Israel-Hamas conflict threatens global economic outlook

International Monetary Fund managing director Kristalina Georgieva said on Thursday the “heartbreaking” Israel-Hamas conflict threatened to darken an already murky global economic outlook.

“We are closely monitoring how the situation evolves, how it is affecting, especially oil markets,” Georgieva said. There had been some fluctuations in oil prices and reactions in markets but it was too early to predict the economic impact, she added.

“Very clearly, this is a new cloud on not the safest horizon for the world economy, a new cloud darkening this horizon,” she told a news conference at the annual meetings of the IMF and World Bank in Marrakech, Morocco.

Georgieva joined a growing chorus of financial leaders expressing concern about the sudden eruption of violence in the long-running Israeli-Palestinian conflict which has already claimed more than 2,500 lives.

Israel has vowed to annihilate the Hamas movement that rules the Gaza Strip in retribution for the deadliest attack on Jewish civilians since the Holocaust, when hundreds of gunmen poured across the barrier fence and rampaged through Israeli towns on Saturday.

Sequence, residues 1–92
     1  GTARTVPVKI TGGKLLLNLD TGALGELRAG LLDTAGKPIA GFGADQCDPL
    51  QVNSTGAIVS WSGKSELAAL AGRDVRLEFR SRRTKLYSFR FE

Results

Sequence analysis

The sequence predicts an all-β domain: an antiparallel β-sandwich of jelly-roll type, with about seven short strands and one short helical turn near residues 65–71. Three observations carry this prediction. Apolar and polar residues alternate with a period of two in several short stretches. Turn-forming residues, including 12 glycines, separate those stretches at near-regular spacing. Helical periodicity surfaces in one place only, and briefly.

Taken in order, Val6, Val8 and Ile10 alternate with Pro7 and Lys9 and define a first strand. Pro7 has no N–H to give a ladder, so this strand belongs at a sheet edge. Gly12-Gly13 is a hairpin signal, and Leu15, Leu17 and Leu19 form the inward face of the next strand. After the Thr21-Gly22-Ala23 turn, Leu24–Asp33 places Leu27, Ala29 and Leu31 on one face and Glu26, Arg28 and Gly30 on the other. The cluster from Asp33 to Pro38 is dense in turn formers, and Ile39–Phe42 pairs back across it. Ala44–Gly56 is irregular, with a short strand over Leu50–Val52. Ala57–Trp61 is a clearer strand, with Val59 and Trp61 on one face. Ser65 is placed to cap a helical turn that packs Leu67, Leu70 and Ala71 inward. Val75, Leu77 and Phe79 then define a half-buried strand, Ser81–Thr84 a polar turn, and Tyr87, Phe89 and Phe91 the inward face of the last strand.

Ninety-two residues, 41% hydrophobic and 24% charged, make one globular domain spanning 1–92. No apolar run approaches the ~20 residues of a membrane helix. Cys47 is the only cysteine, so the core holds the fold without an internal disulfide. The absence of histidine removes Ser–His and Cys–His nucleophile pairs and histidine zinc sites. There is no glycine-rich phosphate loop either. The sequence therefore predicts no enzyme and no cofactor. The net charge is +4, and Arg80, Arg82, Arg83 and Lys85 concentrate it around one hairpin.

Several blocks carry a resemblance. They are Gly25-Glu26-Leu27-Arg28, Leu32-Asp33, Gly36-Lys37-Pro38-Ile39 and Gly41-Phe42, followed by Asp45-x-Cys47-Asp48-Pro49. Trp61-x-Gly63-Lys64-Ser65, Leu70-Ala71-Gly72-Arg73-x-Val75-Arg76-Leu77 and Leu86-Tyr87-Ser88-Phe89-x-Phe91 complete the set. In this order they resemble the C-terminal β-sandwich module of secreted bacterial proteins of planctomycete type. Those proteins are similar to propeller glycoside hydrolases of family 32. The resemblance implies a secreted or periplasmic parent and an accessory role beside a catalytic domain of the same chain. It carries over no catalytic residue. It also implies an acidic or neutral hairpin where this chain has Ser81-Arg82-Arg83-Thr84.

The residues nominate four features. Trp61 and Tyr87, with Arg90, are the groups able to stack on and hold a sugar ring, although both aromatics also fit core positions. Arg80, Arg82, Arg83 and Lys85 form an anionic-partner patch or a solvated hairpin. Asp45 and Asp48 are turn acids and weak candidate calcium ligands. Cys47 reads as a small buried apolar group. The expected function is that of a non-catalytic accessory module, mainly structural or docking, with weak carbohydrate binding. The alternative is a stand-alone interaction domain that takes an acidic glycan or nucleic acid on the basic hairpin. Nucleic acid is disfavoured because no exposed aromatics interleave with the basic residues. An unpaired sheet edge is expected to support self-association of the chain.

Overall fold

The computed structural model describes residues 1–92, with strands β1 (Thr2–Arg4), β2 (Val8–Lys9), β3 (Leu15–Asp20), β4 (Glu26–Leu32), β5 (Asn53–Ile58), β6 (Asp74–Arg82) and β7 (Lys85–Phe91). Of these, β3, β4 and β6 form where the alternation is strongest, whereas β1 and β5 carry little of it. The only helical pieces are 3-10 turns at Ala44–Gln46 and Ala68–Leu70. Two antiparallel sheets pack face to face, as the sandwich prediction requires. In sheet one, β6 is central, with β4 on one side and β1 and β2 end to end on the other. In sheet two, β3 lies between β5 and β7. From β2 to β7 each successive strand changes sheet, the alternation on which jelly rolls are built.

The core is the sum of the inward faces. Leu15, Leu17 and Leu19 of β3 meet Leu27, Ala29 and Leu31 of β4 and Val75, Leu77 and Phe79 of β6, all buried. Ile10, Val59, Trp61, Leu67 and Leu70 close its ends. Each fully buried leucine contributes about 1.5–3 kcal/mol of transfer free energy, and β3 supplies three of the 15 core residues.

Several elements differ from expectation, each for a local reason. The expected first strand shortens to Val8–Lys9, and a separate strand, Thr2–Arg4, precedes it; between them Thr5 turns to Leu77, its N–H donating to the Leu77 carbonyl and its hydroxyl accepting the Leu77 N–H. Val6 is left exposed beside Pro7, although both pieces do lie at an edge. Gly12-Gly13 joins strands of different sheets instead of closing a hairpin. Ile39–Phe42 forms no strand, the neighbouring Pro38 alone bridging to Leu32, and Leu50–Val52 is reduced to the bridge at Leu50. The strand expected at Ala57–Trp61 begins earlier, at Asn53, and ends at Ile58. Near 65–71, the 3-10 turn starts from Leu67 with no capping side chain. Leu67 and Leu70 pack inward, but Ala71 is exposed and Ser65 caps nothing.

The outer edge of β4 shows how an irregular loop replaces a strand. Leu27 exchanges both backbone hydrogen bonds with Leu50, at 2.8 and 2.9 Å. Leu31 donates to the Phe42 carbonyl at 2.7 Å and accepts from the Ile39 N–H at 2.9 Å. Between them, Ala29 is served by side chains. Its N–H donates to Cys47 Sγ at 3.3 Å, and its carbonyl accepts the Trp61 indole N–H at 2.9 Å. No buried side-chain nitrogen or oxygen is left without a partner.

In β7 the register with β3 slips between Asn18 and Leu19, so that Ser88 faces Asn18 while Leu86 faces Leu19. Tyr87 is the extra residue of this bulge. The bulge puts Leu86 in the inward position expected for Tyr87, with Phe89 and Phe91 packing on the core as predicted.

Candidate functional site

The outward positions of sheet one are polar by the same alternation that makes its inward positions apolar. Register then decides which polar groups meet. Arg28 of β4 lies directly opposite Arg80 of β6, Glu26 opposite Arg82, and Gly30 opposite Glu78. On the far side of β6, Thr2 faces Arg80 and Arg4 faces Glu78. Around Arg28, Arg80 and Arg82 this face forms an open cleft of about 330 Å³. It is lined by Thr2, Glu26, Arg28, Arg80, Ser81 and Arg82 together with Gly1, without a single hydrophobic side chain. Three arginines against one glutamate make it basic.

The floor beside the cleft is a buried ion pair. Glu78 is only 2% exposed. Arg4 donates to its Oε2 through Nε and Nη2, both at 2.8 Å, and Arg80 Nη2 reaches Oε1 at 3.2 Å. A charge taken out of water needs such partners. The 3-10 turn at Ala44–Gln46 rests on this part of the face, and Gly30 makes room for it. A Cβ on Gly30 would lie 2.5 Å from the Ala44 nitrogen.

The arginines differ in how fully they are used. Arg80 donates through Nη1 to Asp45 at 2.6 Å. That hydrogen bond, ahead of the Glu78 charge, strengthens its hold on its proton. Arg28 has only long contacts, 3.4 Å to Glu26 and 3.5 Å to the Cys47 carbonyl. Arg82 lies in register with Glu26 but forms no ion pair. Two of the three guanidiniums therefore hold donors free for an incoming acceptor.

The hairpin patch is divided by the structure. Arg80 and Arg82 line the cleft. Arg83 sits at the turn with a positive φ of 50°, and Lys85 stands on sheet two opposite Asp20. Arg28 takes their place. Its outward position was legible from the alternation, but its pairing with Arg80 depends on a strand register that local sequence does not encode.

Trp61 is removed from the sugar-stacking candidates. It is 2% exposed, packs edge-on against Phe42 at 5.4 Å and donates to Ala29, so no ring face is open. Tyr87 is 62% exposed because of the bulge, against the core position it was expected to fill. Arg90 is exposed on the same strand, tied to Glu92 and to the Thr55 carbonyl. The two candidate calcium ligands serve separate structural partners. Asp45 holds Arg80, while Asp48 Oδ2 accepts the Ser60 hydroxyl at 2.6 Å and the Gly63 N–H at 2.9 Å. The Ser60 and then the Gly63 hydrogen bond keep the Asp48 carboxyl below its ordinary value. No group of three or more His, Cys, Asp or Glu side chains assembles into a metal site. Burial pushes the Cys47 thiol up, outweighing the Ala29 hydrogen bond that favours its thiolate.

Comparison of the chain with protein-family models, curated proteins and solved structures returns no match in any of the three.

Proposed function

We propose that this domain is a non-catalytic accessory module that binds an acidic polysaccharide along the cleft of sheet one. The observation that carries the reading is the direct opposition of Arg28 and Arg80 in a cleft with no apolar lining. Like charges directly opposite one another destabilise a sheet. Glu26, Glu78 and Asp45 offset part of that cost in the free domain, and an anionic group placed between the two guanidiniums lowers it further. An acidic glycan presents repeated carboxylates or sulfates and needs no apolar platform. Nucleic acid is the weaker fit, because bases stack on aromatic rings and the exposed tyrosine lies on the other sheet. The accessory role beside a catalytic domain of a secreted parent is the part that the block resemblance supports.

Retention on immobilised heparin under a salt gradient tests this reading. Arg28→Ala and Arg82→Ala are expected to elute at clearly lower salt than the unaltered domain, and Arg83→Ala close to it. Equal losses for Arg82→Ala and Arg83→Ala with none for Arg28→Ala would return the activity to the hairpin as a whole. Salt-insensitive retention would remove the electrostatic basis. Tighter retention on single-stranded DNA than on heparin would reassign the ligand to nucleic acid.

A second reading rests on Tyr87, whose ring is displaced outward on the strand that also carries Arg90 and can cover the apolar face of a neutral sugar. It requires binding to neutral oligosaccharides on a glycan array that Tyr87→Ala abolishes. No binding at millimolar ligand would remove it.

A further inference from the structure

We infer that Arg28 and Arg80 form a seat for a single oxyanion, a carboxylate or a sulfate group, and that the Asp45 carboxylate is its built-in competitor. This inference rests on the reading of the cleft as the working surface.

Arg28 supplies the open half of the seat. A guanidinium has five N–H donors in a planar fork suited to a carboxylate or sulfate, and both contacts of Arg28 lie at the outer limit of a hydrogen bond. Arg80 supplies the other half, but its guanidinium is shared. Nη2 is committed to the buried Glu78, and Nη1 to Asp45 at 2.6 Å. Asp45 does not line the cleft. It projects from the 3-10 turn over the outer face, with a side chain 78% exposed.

Israel said on Thursday there would be no humanitarian break to its siege of the Gaza Strip until all hostages taken by Hamas were freed, after the Red Cross pleaded for fuel to be allowed in to prevent overwhelmed hospitals from “turning into morgues”.

“It’s heartbreaking to see innocent civilians dying,” an emotional Georgieva told reporters. “Who pays the price? It is the innocent who pay the price.”

Georgieva said severe shocks were becoming “the new normal” in a global economy characterized by weak growth, economic fragmentation and deepening divergences, with interest rates expected to stay higher for longer to tame persistent inflation.

She appealed to countries to avoid escalating the situation and focus on areas of cooperation. “We do need to build our agility in terms of anticipating shocks and being quick to respond,” she said.

French Finance Minister Bruno Le Maire told reporters any regional expansion of the conflict would lead to “problematic economic consequences” for energy prices and global growth.


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